While the Connect laws have greatly liberalized the ability to buy stocks anywhere in China (which by law must now be settled in RMB), a quota system remains in place to keep the lid on purchases. At present, evidence suggests that the bottleneck has kept the pace below where it would be in an unrestricted market. So far, the maximum quota has been hit every day since the Connect regulations went into effect that allow the Chinese to buy in Hong Kong. This suggests that the demand from Chinese investors has only just begun to be realized. Hong Kong should stay strong as long as it’s being pulled upward by a surging Shanghai.
While Western news outlets loudly proclaim the “death rattle” of the Chinese economy (which appears set to slip below 7% – my God how awful!), it is important to realize just how superior that growth rate remains above the moribund West. In China, 7% is described as anemic, whereas in the U.S. 3% is described as booming (although 3% growth in America is looking to be increasingly unlikely). Even if the Chinese markets, which still have plenty of catch-up to do with the West, can capture a portion of this strength, investors could be rewarded for years to come.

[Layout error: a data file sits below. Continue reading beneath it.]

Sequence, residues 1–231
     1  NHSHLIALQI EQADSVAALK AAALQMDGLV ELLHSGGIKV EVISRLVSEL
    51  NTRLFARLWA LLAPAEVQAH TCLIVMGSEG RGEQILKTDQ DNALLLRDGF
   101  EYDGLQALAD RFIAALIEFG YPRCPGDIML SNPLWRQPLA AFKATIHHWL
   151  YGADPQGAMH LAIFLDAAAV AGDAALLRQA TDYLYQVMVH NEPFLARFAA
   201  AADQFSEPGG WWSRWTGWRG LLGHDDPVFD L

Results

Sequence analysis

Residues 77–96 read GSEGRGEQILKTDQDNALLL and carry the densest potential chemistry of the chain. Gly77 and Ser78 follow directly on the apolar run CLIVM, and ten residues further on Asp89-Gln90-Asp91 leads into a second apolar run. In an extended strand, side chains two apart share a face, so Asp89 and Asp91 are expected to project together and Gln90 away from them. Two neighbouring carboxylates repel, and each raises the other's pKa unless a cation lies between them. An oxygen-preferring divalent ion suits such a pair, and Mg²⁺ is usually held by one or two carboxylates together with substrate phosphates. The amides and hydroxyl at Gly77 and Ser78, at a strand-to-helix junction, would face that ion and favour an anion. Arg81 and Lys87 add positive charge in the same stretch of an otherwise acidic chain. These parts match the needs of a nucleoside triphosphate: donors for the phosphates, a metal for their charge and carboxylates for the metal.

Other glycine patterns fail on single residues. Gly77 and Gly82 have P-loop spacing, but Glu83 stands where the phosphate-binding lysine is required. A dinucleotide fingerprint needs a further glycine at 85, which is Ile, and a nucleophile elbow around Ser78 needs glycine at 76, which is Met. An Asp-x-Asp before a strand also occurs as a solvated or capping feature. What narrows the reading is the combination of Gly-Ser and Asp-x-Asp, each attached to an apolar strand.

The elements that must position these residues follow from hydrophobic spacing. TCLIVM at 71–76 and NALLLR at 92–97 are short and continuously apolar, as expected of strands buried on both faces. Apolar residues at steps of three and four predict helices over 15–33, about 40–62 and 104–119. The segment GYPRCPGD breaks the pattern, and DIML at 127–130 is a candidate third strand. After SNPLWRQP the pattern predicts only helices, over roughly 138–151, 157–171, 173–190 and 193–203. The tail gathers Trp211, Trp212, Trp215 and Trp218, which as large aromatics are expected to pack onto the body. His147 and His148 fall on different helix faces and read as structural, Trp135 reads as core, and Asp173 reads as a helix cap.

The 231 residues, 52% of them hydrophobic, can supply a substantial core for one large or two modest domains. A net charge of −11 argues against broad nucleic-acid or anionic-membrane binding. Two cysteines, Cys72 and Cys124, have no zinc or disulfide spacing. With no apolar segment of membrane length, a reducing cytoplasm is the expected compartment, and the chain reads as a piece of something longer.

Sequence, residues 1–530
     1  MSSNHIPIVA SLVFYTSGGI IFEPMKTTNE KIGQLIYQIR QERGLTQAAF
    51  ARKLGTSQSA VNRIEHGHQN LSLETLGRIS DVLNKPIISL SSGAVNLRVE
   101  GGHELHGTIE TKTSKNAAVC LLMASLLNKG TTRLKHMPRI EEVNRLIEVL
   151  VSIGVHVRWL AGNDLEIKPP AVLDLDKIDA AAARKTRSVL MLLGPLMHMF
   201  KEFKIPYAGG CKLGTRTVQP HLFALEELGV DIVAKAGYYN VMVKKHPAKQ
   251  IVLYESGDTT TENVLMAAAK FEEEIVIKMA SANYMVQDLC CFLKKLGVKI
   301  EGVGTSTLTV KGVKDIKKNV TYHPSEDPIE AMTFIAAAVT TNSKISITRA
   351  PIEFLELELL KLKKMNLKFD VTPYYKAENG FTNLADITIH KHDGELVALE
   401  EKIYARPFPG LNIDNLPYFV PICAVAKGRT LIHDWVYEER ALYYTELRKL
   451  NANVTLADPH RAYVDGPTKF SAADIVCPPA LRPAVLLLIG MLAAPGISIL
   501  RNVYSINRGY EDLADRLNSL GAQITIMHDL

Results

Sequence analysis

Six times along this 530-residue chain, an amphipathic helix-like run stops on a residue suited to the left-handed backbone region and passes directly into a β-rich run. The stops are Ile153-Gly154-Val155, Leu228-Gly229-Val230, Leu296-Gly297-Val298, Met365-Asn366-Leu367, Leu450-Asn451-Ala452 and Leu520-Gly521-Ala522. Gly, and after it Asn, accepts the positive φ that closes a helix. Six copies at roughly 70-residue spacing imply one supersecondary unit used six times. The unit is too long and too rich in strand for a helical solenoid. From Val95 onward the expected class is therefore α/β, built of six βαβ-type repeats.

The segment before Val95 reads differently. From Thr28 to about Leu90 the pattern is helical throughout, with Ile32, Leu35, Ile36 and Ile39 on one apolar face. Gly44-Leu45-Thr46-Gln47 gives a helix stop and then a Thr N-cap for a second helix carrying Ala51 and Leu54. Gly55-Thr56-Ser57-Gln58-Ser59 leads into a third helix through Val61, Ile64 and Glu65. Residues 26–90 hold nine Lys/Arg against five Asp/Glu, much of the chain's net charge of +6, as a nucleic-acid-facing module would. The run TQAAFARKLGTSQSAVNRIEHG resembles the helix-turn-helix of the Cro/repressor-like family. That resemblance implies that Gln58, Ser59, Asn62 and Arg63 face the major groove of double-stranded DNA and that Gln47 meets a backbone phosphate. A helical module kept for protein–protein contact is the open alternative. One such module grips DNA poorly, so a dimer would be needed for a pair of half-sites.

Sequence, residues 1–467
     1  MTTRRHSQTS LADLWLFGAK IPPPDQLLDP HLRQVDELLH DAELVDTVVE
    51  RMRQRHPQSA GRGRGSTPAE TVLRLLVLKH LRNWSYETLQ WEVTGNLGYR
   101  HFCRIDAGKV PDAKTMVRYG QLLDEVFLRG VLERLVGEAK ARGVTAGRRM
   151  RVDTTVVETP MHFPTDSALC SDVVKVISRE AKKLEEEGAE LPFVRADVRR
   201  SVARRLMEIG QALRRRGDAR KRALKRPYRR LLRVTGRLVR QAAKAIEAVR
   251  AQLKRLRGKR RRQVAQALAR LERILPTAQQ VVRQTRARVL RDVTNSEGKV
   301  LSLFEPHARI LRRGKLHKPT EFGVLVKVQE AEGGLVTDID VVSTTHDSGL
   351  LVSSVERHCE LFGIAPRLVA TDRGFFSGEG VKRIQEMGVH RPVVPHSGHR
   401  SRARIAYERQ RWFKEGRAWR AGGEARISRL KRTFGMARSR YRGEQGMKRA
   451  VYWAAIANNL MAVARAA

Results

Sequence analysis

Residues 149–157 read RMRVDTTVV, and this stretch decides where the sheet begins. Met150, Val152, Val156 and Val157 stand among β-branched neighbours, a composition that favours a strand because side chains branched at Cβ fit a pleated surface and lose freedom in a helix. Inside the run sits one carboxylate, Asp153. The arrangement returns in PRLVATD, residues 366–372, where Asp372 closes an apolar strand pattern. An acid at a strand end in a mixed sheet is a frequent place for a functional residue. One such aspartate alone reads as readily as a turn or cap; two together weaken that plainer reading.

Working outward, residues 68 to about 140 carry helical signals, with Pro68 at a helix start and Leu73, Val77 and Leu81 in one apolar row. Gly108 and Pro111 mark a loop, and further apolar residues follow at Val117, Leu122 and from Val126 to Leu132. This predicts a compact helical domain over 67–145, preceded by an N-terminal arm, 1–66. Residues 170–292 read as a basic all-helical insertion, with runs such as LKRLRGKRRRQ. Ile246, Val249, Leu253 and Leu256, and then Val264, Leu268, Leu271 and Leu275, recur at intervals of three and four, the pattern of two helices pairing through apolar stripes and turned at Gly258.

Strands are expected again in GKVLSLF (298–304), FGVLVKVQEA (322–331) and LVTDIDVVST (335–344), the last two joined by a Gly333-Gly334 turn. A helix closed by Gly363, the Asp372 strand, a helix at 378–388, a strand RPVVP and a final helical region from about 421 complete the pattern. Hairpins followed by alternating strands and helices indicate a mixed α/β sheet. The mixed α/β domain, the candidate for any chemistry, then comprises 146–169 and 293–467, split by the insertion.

The moves also show how the markets in China have been hindered by regulation. The removal of these barriers has revealed hidden strengths. In contrast, U.S. markets have been helped by robust Fed policies designed to keep money flowing into stocks at all costs. Remove these pro-stock monetary incentives, and the possible crash here in the U.S. could become the opposite of the current rally in China.